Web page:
6 R. Hoonsawat 6 such case the license would be traded to another and likely more capable broadcaster. However, the secondary market would not exist in the model constructed under this study. Second, should the regulator decide to hold the auction and then suddenly switched off the analogue TV and completely shifted to digital TV nationwide, all the potential bidders would engage in a highly competitive auction. The viewers adopt the new technology right away under this circumstance. This expectation is shared, with some certainty, among broadcasting operators. Third, there is a chance that the regulator might just decide to extend the licenses, or offer a take-it-or-leave-it option to the previous license holders (as in the case of the digital TV switch over in New Zealand), or hold a beauty contest to find the qualified broadcasting operators (as in Sweden). In any of these cases, the auction would not be held and the potential broadcasting operators would go ahead with the digital standard to gain their own market share. The outcome under a specific circumstance may be different from any of the above according to auction mechanism. However, the merits of an auction cannot be assessed without evaluating the NBTC s intellectual property policy, which is beyond the scope of this study. Whether a broadcaster places a bid that is higher or lower than the others under the same auction procedure depends on its expected future net income and the price that it is willing to pay for a license. A firm s maximum willingness to pay has a strong positive correlation with the actual bid via a complex process of decision making rather than with the auction mechanism (Cave, 1989). The economic theory predicts that expected auction revenue remains reasonably equivalent across a range of competitive auction processes (Klemperer, 2004). Methodology The model is constructed from the net present value concept. It contains two financial flows, revenue and cost. The future flows of revenue and cost are based on numerous assumptions. The market demand-supply framework constructed under simultaneous equation model, as applied by Xing, Hanhui and Chong (2009) to estimate the social value of the digital cable TV in China, is an alternative model. Unfortunately, that model requires several historical data, which are not available for this study. The internal rate of return
7 7 From Analogue to Digital TV (IRR) concept, which is close to the NPV concept, is not suitable to this study because of its multiple answers with non-conventional cash flows. The model constructed around the concept of net present value is an appropriate model for operating with various forecasted variables. Revenue The major source of broadcasting revenue is advertising. The non-advertising revenue is approximately less than 10 percent of the total revenue for an average size broadcasting operator. 1 Advertising on television has a particular immediacy, which sets it apart from advertising on non-video traditional media such as radio, newspapers and billboards. Accordingly, it is normal to define it as a separate market. The study assumes that the advertising revenue is the sole source of revenue for the broadcasting operators. In the Thai broadcasting industry advertising revenue depends on market condition, broadcasting operator, and license condition. These three factors are conflated into one ultimate driver of revenue, viewer number. This number is applied as a factor that drives the revenue. See Anderson and Coate (2005) and Doyle (1998) for instance. Nevertheless, it would be more meaningful to sort out the sources of viewers according to the three factors rather than simply using viewer number. The market is defined as the market for the DTT licenses restricted to free-to-air transmission for commercial purpose only. The first auction will open for the 24 free-to-air licenses. The pay TV might be subsequently regulated. During the ten-year period after the license auction, DTT will broadcast simultaneously in analogue. DTT licensees will then be competing with analogue channels for advertising revenues. They will also be competing with pay TV channels to the extent that the latter are also advertiser-financed. In this study the pay TV market is not considered in the scenarios. When the switch-over process has covered a period of time, any incumbent broadcasting operator holding a digital license will reach viewers either through an analogue or a digital TV. There is no competition over these two audience groups; the households that have adopted digital TV would not switch back to analogue. 1 Data from the financial statements from of BEC-TERO Entertainment Public Company Limited (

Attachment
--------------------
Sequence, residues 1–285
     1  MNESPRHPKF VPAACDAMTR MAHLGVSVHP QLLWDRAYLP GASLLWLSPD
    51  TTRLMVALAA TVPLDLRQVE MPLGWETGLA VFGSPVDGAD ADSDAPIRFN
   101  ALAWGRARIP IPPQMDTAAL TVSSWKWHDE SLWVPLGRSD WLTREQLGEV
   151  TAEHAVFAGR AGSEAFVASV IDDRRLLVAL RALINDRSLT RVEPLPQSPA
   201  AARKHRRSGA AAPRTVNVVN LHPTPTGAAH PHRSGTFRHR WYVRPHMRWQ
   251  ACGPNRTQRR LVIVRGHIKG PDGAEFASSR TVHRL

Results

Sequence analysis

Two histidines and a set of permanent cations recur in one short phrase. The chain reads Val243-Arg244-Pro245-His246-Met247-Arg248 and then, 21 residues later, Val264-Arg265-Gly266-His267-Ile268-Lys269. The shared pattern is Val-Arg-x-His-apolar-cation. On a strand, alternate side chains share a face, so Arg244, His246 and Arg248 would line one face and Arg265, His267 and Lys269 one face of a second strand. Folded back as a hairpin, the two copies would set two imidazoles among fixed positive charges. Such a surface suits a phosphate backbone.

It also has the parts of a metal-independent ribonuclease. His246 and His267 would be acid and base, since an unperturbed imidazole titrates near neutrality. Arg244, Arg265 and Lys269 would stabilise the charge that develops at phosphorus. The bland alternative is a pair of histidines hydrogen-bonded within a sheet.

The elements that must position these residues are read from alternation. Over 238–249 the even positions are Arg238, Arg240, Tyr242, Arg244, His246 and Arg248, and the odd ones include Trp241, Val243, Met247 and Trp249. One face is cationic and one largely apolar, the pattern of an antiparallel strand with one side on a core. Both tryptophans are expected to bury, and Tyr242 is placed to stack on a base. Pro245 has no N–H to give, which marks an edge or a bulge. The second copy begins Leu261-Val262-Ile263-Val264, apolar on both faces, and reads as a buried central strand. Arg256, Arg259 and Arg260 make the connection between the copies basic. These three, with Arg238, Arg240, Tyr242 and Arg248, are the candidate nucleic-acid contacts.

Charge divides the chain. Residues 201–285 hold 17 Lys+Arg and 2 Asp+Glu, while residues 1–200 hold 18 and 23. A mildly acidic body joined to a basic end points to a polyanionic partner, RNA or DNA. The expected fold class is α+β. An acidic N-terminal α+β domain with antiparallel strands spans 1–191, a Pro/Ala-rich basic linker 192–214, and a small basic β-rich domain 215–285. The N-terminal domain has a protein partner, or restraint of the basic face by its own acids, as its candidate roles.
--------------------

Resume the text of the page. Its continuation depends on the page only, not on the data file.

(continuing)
8 R. Hoonsawat 8 In mature DTT markets in Europe, the potential incumbent operators bid for more than one license. The priority is on the license for the general interest channel. Nevertheless, the incumbent broadcasting operators might extend their coverage through their special interest channels such as sport channel, children s channel, and news channel. However, NBTC plans, as of May 2013, to license a total of 24 channels. The conditions on the holder to broadcast a particular genre of programming are as follows: Seven general interest channels in SD, seven general interest channels in HD, three children s channels in SD, and seven news channels in SD. Each operator is allowed to hold a maximum of three licenses and one license per program genre. If an operator holds one license for general interest channel in HD, it cannot be granted a license for news channel in SD. The Thai broadcasting industry currently comprises six broadcasting operators. Three operators have led the market by covering 70 percent of the total audience (MCOT, 2011). Two out of six broadcasting operators have been awarded the license to broadcast in public program but not the commercial program. This current situation in the industry suggests that the leading incumbents are only the three that plan to own as many as three licenses. They would likely separate their special interests in sports and children from other channels. The HD channel is the technology showcase for the leaders. The other incumbents might aim for one or two licenses at the most. Nevertheless, there may be new entries from new domestic operators and the international brand name operators. Some domestic company that is producing programs for the incumbent operators might take a chance at becoming a DTT broadcasting operator. However, the high fixed costs faced by new companies limit the entry of newcomers into the market. For foreign operators, NBTC is not planning on granting licenses to foreign operators during the first auction. There is not enough demand for available licenses so that there is an excess supply of the DTT licenses on the first auction, which will likely result in the auction prices for the licenses being lower than the price that the incumbents are willing to pay. An operator s revenue depends on the size of its audience. The audiences of all operators start from zero at the beginning of a DTT license. However, the new channels could gain a larger share of the viewers at the expense of the incumbents in their early years of digital rolling out. Nonetheless, the majority of viewers would remain with the incum-